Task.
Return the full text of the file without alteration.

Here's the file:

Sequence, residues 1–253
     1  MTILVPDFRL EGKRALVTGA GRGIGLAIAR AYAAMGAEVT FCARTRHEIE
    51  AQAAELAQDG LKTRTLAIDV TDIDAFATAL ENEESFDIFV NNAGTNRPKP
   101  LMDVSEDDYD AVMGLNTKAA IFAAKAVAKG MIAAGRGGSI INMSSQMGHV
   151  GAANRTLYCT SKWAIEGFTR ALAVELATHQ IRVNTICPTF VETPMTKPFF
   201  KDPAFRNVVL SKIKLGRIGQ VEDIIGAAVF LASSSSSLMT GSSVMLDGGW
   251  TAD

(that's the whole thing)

Sequence, residues 1–253
     1  MTILVPDFRL EGKRALVTGA GRGIGLAIAR AYAAMGAEVT FCARTRHEIE
    51  AQAAELAQDG LKTRTLAIDV TDIDAFATAL ENEESFDIFV NNAGTNRPKP
   101  LMDVSEDDYD AVMGLNTKAA IFAAKAVAKG MIAAGRGGSI INMSSQMGHV
   151  GAANRTLYCT SKWAIEGFTR ALAVELATHQ IRVNTICPTF VETPMTKPFF
   201  KDPAFRNVVL SKIKLGRIGQ VEDIIGAAVF LASSSSSLMT GSSVMLDGGW
   251  TAD